Device Power Off Causes Device Driver Lockup



I’m back again, now that I’m delving back into the mysterious “lockup” problem that I visited several months ago, and was never resolved… So here it is… hardfail every time occurs during large pipe transfers when the hardware goes away… In the debugger my code is stuck in an endless loop…

sequence is D58, D5B, D5F, Jump to D9D, DA0, DA3, DA6, DA9, DAC, DAF DB1, DB5, jump to D58…

here is the code…

10016D58 mov edx,dword ptr [ebp-14h]
10016D5B cmp byte ptr [edx+1],4
10016D5F jne CCyUSBConfig::CCyUSBConfig+0B2h (10016d9d)
10016D61 push 4Ch
10016D63 call operator new (1001789e)
10016D68 pop ecx
10016D69 mov dword ptr [ebp-1Ch],eax
10016D6C and dword ptr [ebp-4],0
10016D70 test eax,eax
10016D72 je CCyUSBConfig::CCyUSBConfig+98h (10016d83)
10016D74 push dword ptr [ebp-14h]
10016D77 mov ecx,eax
10016D79 push dword ptr [ebp+8]
10016D7C call CCyUSBInterface::CCyUSBInterface (10016a82)
10016D81 jmp CCyUSBConfig::CCyUSBConfig+9Ah (10016d85)
10016D83 xor eax,eax
10016D85 or dword ptr [ebp-4],0FFh
10016D89 inc dword ptr [ebp+0Ch]
10016D8C mov dword ptr [edi],eax
10016D8E add edi,4
10016D91 inc byte ptr [esi+29h]
10016D94 mov eax,dword ptr [edi-4]
10016D97 movzx eax,word ptr [eax+4Ah]
10016D9B jmp CCyUSBConfig::CCyUSBConfig+0B5h (10016da0)
10016D9D movzx eax,byte ptr [edx]
10016DA0 add dword ptr [ebp-10h],eax
10016DA3 mov eax,dword ptr [ebp-10h]
10016DA6 cmp eax,dword ptr [ebp-18h]
10016DA9 lea ecx,[eax+ebx]
10016DAC mov dword ptr [ebp-14h],ecx
10016DAF jge CCyUSBConfig::CCyUSBConfig+0CCh (10016db7)
10016DB1 cmp dword ptr [ebp+0Ch],8
10016DB5 jl CCyUSBConfig::CCyUSBConfig+6Dh (10016d58)

just a guess, but it looks like the device driver missed the exit que…

Anybody got any suggestions where to look, while I’m boiling my code down to the minimum reproducable set?

Also, hope you got your order for Qty 60+…





Using PipeTest setup for 8192kB packets and a 32768kB transfer on Windows XP, if I detach the hardware during a transfer, I get a message like:

WireToPipeIn(…) failed.

PipeTest was not written to handle the case where hardware is disconnected, so it still tries to do UpdateWireOuts and so on. These give unpredictable results, but the software does not crash. In particular, I can “Configure FPGA” again and it works fine.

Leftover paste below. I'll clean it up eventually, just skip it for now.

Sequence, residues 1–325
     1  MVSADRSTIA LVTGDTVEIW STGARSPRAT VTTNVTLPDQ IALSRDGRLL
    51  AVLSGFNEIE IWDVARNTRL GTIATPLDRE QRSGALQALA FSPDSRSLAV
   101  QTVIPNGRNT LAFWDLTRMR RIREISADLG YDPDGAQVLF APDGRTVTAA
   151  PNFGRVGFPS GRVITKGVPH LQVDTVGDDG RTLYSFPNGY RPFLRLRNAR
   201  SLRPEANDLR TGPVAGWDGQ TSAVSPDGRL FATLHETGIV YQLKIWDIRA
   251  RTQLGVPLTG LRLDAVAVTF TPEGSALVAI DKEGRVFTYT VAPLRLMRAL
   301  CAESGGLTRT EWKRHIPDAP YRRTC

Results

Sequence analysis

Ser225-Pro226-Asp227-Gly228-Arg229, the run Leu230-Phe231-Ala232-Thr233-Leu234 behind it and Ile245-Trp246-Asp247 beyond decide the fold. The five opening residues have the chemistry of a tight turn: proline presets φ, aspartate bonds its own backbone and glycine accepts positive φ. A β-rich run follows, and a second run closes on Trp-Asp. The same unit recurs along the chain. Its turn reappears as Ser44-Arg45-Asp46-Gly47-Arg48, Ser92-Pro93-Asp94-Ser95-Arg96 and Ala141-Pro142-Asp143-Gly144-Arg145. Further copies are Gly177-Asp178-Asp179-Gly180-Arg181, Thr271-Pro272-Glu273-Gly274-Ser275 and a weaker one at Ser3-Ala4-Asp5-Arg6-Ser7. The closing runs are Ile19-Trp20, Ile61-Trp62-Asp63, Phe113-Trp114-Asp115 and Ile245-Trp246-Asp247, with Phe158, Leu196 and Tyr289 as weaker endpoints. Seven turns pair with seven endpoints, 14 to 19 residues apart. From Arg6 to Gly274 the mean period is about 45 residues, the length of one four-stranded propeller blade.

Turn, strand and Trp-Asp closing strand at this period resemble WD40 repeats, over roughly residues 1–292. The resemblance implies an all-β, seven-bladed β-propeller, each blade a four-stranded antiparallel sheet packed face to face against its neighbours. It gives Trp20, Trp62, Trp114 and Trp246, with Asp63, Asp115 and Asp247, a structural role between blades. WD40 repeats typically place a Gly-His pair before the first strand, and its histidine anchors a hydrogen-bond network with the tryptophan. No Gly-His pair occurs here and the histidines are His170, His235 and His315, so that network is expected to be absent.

OK, I found I was not looking at the return from the pipe for -1.
(You really should doument this in the .h file, isn’t this a relatively new feature?)
This solved the problem most of the time… (you really can crash the app and possibly the machine this way) (note that I am currently using a loop with repetitive calls to the fifo to get my data (which is pitifully slow))

I still get an very occasional “C5” exception (pointer to nowhere) in memcopy, and an “F8” illegal instruction… is this the updateWireOuts problem you refer to? Could the buffer I supplied to the pipe be corrupted somehow? What is the best way to detect the driver has gone away? (since hardly any of your routines return status?). I’m currently using GetDeviceCount()… I guess I need to do this before every call to the driver? Do you have an example written to show how to another way to handle hardware disconnect?

Help is appreciated!



Hi Bill-

The (-1) return value has been in the code and documented since the first release. The true API documentation is the API reference which is available online in HTML format. It is also installed with the software and called “API Reference” under the Opal Kelly / FrontPanel startup menu group. The header files provide no documentation aside from a very brief summary of each method.

As was mentioned in this thread:

the proper way to handle device disconnect under Windows is to check for the WM_DEVICECHANGE event. Please review that thread for more details. We do not have an example of that particular handling.

A bit of Googling and I turned up this example:

MSDN probably has several examples, as well, depending on your setup. The handling varies depending on programming environment, but the principle is the same – when you receive the WM_DEVICECHANGE event, you know that the USB device tree has changed. This is the only time you need to re-check your assumptions regarding the “existence” of your device.


Hi Jake,

Thanks for the article. I know I couldn’t get ahold of the message before, perhaps I didn’t have the proper library? Anyway I took your excellant suggestion from the 152 thread and got myself an MSDN subscription some months ago, and that has been hugely helpful everywhere, so now I guess it is time to apply it… Here. I’ll get back back later and let you know what happens. Just a suggestion though… it would be nice if you could wrap the message handler function in your library/dll so you can distribute it, and maybe leave the user just a variable to check or something simple like that…

Thanks again,